• Interested consumers are 37% more likely to use music streaming services.

Not only do these insights highlight areas where these consumers (hopefully as passengers) may take advantage of a mobile Wi-Fi service in a vehicle, but also provide great insights for how General Motors’ marketers and advertisers could reach this potentially ‘convertible’ audience to promote such car features.

Lastly, we noticed that consumers interested in checking out a car brand for its Wi-Fi also fall into a category we call ‘Market Mavens.’ When compared against the average…

  • Interested consumers are 28% more likely than average to try new products before other people do.
  • Interested consumers are 30% more likely to tell others about new brands or technology.

Market Mavens are extremely important to companies that sell consumer goods because they tend to have a powerful effect on the purchasing decisions of other consumers. Market Mavens tend to branch out more often and try new products that they have never tried before. If they like a certain type of product, they will often blog or talk about it, greatly influencing the opinions of others.

As far as a profile of the average consumer who has most likely been drawn to these new Wi-Fi-enabled car models over the last year, she is more likely to be female, and slightly more likely to be a parent. She is very interested in technology/electronics, especially mobile devices like tablets, eReaders, and smart phones. She also pays attention to trends in the TV, film, and music industries, and uses streaming platforms for her visual and audio entertainment. Finally, she also has some Market Maven tendencies, which may encourage her to test drive these models before her peers, and then share her opinions of it with others.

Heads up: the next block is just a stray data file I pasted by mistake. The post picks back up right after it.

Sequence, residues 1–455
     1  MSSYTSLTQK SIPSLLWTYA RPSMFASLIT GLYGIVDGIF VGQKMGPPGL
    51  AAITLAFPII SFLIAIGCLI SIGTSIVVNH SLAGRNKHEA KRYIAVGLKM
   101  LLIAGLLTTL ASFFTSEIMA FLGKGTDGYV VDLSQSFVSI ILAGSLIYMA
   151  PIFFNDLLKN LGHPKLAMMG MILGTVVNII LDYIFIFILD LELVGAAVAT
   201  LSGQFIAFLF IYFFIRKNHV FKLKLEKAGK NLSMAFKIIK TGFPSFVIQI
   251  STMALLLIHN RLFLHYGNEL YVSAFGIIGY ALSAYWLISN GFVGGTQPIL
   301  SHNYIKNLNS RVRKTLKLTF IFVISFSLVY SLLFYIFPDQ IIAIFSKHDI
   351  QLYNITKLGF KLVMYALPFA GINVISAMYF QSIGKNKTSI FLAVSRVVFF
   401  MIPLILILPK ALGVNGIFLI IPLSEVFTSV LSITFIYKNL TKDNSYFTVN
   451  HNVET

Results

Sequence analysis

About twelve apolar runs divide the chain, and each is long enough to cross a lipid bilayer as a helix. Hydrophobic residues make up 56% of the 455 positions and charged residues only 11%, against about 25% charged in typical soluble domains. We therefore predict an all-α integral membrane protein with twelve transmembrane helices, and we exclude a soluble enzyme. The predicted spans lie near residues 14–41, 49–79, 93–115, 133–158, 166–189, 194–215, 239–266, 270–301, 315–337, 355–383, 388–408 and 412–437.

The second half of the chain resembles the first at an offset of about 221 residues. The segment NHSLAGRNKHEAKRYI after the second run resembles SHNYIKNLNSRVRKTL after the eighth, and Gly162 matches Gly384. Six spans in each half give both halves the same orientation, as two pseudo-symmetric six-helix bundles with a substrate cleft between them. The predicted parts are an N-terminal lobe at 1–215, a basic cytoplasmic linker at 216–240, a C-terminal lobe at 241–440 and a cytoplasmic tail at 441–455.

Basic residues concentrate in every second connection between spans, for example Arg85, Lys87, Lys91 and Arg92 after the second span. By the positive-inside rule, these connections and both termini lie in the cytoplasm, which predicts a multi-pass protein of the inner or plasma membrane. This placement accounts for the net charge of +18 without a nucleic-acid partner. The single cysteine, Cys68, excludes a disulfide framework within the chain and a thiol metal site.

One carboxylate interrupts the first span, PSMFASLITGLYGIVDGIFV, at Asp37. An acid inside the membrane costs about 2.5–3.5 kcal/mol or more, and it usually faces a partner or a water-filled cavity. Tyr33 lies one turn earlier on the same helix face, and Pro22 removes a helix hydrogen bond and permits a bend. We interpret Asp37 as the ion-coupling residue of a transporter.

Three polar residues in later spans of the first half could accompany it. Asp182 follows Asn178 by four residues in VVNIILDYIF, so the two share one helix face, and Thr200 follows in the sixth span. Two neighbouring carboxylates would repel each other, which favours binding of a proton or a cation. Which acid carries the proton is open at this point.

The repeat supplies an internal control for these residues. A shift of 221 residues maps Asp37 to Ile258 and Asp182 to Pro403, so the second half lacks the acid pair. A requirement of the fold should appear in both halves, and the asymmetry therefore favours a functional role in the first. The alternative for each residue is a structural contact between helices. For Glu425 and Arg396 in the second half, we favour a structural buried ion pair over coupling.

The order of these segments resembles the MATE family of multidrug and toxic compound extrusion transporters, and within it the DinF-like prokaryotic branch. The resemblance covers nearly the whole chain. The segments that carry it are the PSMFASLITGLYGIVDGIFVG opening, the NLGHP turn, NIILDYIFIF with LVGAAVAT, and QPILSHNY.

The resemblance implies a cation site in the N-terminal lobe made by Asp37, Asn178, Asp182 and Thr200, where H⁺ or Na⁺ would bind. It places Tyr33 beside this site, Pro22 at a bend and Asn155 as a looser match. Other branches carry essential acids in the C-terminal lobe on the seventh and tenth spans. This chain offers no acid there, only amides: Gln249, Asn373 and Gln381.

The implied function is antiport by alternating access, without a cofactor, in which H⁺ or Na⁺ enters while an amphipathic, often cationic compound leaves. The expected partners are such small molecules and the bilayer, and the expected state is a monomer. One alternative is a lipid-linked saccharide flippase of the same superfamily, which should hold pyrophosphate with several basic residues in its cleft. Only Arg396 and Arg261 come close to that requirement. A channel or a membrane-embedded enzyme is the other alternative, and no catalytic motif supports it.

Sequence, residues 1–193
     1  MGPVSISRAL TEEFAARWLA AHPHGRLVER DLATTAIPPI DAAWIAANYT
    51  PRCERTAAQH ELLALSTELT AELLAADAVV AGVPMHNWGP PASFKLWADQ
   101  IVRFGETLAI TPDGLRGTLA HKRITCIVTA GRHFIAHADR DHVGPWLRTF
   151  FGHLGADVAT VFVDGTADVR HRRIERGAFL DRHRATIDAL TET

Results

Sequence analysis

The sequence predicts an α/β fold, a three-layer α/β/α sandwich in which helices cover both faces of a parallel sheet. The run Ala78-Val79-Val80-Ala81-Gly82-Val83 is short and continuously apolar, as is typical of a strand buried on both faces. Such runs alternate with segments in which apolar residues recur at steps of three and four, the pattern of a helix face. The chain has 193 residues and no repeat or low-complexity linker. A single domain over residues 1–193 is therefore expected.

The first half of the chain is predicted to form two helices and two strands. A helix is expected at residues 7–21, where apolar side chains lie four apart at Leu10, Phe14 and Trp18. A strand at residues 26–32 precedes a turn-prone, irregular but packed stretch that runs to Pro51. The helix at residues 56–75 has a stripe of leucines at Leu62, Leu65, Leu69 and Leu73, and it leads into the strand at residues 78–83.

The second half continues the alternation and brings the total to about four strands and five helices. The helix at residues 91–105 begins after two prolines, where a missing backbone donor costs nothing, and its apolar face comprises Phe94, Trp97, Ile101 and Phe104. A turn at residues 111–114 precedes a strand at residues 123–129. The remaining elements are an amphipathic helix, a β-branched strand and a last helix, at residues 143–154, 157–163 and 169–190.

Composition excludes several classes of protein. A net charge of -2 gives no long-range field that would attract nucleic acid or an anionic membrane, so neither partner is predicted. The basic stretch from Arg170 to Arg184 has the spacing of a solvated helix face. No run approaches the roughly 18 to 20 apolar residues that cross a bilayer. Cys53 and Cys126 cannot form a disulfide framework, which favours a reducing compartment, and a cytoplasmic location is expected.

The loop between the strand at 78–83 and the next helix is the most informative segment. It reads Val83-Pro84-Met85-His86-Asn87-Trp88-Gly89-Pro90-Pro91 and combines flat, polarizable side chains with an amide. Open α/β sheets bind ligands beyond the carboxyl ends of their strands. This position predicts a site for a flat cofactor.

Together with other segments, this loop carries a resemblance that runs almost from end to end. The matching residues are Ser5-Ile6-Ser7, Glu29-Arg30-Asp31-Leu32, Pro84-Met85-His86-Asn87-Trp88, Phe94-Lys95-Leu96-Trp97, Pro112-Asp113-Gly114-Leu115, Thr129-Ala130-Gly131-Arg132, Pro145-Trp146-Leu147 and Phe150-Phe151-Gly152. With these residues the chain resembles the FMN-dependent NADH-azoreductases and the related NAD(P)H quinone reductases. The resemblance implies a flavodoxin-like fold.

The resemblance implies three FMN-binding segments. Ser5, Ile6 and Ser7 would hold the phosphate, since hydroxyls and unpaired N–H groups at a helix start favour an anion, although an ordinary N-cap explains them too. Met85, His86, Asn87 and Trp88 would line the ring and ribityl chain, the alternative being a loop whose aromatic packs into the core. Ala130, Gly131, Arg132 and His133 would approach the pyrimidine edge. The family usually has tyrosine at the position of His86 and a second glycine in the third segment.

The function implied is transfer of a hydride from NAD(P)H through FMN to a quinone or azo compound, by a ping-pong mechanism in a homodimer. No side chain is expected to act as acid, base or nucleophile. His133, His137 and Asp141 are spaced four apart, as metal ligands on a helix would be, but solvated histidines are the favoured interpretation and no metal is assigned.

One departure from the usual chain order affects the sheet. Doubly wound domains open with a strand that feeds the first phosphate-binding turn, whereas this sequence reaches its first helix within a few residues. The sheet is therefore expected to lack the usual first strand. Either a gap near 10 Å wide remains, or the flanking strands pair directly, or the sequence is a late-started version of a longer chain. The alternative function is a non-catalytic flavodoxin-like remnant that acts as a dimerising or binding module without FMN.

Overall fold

The inherent danger with car Wi-Fi is the distractive effect that it may have on the driver. In 2015, 26% of consumers admitted to texting behind the wheel, and texting and driving is now seen as a bigger problem than drunk driving. If car manufacturers plan to set a new standard of technology for automobiles in the U.S., it would be prudent to consider ways to dissuade the driver from using Wi-Fi services via a cell phone while behind the wheel.

Note: This blog post was researched and authored by CivicScience’s summer market research analyst, Matt O’Connor.